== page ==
UNDP has launched its Human Development Report (HDR) 2019 with the theme ‘Beyond income, beyond average, beyond today: Inequalities in the 21st century’. It sets out that despite unprecedented progress against poverty, hunger and disease in the world, systemic inequalities are deeply damaging the society , and presents its analysis on the matter.
Over the past three decades, Bhutan has seen impressive economic growth as its economy grew on average by 7 percent per year. Between 2005 and 2018, Bhutan’s Human Development Index (HDI) grew from 0.512 to 0.617 (with an increase of 20.5 percent), positioning the country in the Middle Human Development Category, positioning it at 134 out of 189 countries and territories.
However, the benefits of such growth have not been felt equally across the nation. The challenge of inequality in Bhutan is not that people are being left behind within their communities, but rather that whole communities are experiencing different growth trajectories across the country.
“Poverty in Bhutan has a rural face where over 90 percent of the poor are found in rural communities,” UNDP Resident Representative, Azusa Kubota, added.
This year’s HDR is first of the new generation of UNDP, and aims push the boundaries to accelerate thought leadership, drive conversations on the future of development, and in doing so, advance progress towards 17 Sustainable Development Goals (SDGs).
UNDP Resident Representative said that the theme resonates well, with the center focus of the government’s pledge to narrowing the gap. It is a testament to the Bhutanese people and government’s recognition that inequalities bring disharmony to the society and undermines the benefits of development, she added.
She said, “As new generation of inequalities is opening-up around education, technology and climate change, two seismic shifts, that unchecked, could open a new divide akin to what happened during the Industrial Revolution.”
The report states that inequalities are not only about how much someone earns compared to its neighbor, but it is about the unequal distribution of wealth and power, the entrenched social and political norms that are bringing people onto the streets in cities and towns across the world, and the triggers that will do so in the future unless something changes.
Recognizing the real face of inequality is a first step, she said, adding that what happens next is a choice because inequality is not beyond solutions. “We can do so by looking beyond income, beyond averages, and beyond today, with new analysis, ideas and policy options to get to the bottom of the problem while helping nations to grow their economies and improve human development,” she said.
Meanwhile, Prime Minister Dr Lotay Tshering said that HDR 2019 is an important document because of the many cues that the government can take from it to strengthen its development progress. “This year’s theme is inequality, and more then that, I think we are talking about relevance of inequality,” Lyonchhen added.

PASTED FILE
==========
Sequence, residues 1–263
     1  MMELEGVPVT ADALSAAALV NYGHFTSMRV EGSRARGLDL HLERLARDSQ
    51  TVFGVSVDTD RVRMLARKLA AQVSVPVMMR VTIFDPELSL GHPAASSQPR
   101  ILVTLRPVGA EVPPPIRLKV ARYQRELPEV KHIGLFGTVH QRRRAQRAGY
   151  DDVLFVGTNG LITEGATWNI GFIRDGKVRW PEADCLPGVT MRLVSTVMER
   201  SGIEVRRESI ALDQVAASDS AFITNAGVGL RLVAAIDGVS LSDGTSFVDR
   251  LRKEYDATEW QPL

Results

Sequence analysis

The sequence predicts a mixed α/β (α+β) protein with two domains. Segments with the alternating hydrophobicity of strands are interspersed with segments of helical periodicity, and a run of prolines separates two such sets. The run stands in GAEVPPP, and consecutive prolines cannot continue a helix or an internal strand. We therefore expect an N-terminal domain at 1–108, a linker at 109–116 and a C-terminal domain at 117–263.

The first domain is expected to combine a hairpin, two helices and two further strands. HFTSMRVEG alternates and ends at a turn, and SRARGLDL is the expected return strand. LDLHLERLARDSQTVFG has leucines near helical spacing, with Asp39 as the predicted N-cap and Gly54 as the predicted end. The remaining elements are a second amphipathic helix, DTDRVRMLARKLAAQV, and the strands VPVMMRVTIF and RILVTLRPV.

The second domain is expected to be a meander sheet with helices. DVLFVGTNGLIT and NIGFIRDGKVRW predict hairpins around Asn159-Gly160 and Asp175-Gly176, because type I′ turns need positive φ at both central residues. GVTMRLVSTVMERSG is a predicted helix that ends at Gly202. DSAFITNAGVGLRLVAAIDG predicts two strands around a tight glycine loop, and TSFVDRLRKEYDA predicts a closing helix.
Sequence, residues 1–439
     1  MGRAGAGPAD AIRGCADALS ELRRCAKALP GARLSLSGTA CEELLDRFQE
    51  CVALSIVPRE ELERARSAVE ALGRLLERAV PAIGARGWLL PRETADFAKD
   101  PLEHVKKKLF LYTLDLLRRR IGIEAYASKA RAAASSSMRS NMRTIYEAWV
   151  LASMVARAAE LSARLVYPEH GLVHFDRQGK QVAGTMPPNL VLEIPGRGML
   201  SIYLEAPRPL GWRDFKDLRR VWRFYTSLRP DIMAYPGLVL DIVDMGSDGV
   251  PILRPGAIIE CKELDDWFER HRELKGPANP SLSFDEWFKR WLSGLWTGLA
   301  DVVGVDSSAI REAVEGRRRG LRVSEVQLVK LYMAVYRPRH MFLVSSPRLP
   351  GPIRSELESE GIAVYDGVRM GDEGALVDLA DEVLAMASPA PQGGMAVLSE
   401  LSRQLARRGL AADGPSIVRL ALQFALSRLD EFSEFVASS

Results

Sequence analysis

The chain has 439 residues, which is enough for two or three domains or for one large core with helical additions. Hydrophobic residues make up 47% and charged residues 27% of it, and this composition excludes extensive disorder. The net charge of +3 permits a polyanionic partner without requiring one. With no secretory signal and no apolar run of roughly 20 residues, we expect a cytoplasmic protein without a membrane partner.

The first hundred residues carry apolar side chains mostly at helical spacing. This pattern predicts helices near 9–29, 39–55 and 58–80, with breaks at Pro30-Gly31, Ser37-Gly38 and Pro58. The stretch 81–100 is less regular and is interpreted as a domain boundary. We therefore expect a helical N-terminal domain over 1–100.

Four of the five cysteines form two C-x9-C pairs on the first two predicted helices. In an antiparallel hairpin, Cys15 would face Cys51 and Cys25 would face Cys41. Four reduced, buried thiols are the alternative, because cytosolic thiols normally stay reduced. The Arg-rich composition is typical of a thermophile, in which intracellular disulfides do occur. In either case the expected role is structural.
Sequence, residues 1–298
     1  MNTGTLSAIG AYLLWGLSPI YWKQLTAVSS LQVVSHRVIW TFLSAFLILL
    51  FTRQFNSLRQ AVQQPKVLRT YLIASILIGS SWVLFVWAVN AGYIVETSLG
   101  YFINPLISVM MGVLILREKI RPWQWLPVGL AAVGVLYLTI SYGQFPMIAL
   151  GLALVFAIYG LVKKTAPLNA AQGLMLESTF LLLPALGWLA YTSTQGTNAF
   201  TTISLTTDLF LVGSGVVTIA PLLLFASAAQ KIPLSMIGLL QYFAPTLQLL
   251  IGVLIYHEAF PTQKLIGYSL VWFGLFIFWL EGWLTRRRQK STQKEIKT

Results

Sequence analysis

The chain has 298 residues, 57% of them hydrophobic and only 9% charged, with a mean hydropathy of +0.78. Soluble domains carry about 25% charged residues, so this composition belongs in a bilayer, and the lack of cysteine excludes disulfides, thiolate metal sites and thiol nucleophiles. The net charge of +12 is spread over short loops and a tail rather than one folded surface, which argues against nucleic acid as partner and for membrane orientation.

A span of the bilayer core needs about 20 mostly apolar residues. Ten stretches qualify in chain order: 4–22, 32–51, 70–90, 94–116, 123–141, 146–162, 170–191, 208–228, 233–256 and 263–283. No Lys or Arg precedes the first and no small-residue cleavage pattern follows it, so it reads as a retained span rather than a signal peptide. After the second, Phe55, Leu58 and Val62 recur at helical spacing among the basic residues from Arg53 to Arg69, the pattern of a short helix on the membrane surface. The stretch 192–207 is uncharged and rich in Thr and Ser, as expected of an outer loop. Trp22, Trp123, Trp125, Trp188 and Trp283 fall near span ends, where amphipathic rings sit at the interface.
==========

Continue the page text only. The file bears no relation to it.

He also said that the government has pledged to narrow the gap, which they did not only mean narrowing the gap in income. The pledge is in line with the philosophy of Gross National Happiness (GNH).
“With this, I am very happy that this government had taken lots of initiatives that is relevant, and we are happy that with the launch of HDR. We are given more confidence in taking the role that we have been doing now,” he said.
UN Bhutan Resident Coordinator, Gerald Daly, said that it is clear from the report that rapid changes are happening in the fundamentals of inequality around the world, and Bhutan can astutely choose to read the ‘writing on the wall’ from these other countries and proactively take the right actions.
“Technology, gender inequality and social media are just some of the areas where we can anticipate huge changes around the world. I, personally, hope that the press, CSO community and RUB have a strong voice in the preparations of the 2040 Vision,” he added.
Leaving no one behind requires the use of disaggregated data, he said, adding that the disaggregation includes breaking data down by details, such as gender and age at dzongkhag and gewog levels. Data based on national averages often misses the opportunities to identify specific challenges that must be addressed if they are to fully implement the 2030 agenda, he said.
He said, “Finally, this disaggregation to gewog level will grow ever more important as government financial disbursements happen at the dzongkhag and gewog levels. Targeting relevant monies to the most vulnerable at the gewog level is a worthy goal of development.”
Over the recent years, UNDP conducted important studies, and as per the Vulnerability Baseline Assessment, there are 14 recognized vulnerable groups that speak to the challenges of NKRA 3 on inequality and poverty.
Much progress is being made in regard to the vulnerable groups, like people living with HIV and increased engagement with the Rainbow Bhutan community. “Inequality is dynamic, and we need to engage with insight to the emerging inequalities that some would say are still on the horizon,” he added.